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How to watch Dante Exum's return: chill out

SALT LAKE CITY — I am not a terribly patient person. I execute a coasting start at stoplights, just so I can nose ahead. In a bank line, I’m on my way to the teller window before anyone says, “Next!”

Still, I plan to exercise a fair amount of patience regarding Dante Exum. Maybe I’ll eventually start wondering whether the Jazz made a poor choice with the fifth pick of the 2014 draft, if he doesn’t get going sometime next year. But after seeing him miss 166 of his first 314 games, thanks to injuries, and seeing how the Jazz have built a nice team with patience, I’m currently as laid back as a minstrel.

Call me Mr. Greensleeves.

Thursday as the Jazz crushed the woebegone Phoenix Suns, Exum made his return. It was his first official appearance since logging 31 minutes in the team’s final playoff game last year, when he collected 15 points, three rebounds, two assists and a steal. That multi-stat box score is why the Jazz valued him in the first place. He can play multiple positions, has a 7-foot arm span, keen anticipation and likes to defend. If he can learn to shoot from the perimeter, he’ll be a genuine dilemma for opponents.

I know. If. That has become Exum’s first name.

Exum was a star in the summer league, averaging 20 points, four rebounds and six assists through three games. Later came the preseason shoulder injury that kept him out all this year. He has basically missed two entire seasons, the first in 2015-16 when he tore his ACL. He has played 149 games in four seasons — less than half what he might have. In chronological age, he’s 22, but in experience he’s 19. He didn’t play in college, so there has been little time to grow into his potential.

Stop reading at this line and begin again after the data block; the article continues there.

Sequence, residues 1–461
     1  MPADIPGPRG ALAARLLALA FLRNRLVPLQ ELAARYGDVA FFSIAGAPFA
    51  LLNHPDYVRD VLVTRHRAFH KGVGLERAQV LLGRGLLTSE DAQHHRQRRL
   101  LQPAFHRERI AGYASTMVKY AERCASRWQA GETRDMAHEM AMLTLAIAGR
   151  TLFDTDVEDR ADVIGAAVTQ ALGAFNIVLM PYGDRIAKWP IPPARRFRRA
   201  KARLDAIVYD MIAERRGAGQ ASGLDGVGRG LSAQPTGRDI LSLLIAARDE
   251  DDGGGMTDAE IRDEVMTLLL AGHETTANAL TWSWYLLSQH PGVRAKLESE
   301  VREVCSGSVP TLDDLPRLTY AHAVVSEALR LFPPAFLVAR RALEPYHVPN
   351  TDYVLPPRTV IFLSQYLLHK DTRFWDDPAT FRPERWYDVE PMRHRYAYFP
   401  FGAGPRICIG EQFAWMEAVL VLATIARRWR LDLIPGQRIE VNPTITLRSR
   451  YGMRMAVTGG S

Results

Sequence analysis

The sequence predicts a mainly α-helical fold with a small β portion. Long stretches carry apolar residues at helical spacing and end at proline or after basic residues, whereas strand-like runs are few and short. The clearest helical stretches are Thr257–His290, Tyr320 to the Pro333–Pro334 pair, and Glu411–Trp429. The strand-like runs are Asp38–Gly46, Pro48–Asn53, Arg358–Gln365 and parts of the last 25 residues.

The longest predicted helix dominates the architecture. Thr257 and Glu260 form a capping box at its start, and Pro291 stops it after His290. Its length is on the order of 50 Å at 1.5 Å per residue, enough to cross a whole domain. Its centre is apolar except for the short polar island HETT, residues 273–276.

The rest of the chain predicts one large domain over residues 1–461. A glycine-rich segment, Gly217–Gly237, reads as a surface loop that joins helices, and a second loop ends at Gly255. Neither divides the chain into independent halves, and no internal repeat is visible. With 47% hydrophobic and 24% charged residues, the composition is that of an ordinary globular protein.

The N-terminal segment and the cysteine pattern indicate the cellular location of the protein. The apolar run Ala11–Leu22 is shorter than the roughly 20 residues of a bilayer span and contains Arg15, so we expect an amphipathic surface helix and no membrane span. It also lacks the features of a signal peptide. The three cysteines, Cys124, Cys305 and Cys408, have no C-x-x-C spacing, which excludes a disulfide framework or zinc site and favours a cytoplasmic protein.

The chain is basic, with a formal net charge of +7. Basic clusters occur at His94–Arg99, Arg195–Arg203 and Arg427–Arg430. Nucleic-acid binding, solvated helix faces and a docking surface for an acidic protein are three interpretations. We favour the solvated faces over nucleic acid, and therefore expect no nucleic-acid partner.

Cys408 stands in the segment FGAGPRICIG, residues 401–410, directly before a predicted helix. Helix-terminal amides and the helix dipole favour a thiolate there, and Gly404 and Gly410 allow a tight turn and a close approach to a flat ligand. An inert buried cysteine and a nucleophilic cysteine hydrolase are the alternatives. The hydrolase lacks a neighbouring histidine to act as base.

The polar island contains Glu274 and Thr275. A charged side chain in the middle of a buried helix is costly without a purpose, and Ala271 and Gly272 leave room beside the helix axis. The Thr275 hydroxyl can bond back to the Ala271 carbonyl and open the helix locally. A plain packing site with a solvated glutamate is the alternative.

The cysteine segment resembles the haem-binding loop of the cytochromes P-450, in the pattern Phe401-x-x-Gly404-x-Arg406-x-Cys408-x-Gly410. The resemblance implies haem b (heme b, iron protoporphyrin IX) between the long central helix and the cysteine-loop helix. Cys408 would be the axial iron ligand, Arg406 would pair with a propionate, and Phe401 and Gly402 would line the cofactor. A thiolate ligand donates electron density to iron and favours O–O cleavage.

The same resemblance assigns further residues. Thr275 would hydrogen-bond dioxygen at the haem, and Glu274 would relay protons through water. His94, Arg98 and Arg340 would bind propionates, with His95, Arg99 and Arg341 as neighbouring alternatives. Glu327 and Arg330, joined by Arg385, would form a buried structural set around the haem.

Meanwhile, he’s from Australia, where good basketball competition is scarce.

In an era of instant information, waiting until things play out hasn’t been easy for either Exum or Jazz fans. But it remains the wisest plan. Don’t expect him to lead the Jazz through the playoffs.

John Stockton didn’t become the team’s full-time starter until his fourth year, at age 24. Gordon Hayward wasn’t an established starter until his fourth year, either, when he was 23. He didn’t become a high-level player until age 26.

Exum had 41 starts as a rookie, 26 last year. Everyone has seen flashes, but nothing consistent. Still, the Jazz are optimistic.

Thursday it was lights, camera, action.

He finished 3 of 7 from the field, with three rebounds and two assists. More important, he looked in shape. But he also looked mature — not too anxious, but not uncertain. In the second half, he had three artful spins to the rim that rolled off. But one ended up in a pair of made free throws. Another bucket was waved off on a charge.

Two layups in the final two minutes upped his numbers.

At one point he crashed to the floor but hustled back into the flow.

“No need to worry,” he said. “It’s a calculated fall.”

Asked before the game whether there would be minutes restrictions on Exum, Quin Snyder said, “Good question.”

A pregnant pause ensued.

Then he said the only restriction would be Exum’s conditioning. The backup guard played 14½ minutes on Thursday, which was predictable. Not only was he gradually working his way back, but starting point guard Ricky Rubio is playing his best basketball.

This will likely be Exum’s role the remainder of this year, as an “energy reserve.”

After the game, Exum came sweating to his locker after working out on the exercise bike.

“I’m not tired from the game,” he laughed.

Stockton played 8,085 minutes in his first four seasons in the NBA, Hayward 8,137. Exum has played 3,059. That’s fewer miles than a certified pre-owned Larry H. Miller Lexus. Regardless, I’m going to watch with interest, but without judgment, until he’s driven around the block a few times. No reason to jump the gun. No reason at all to hurry up and wait.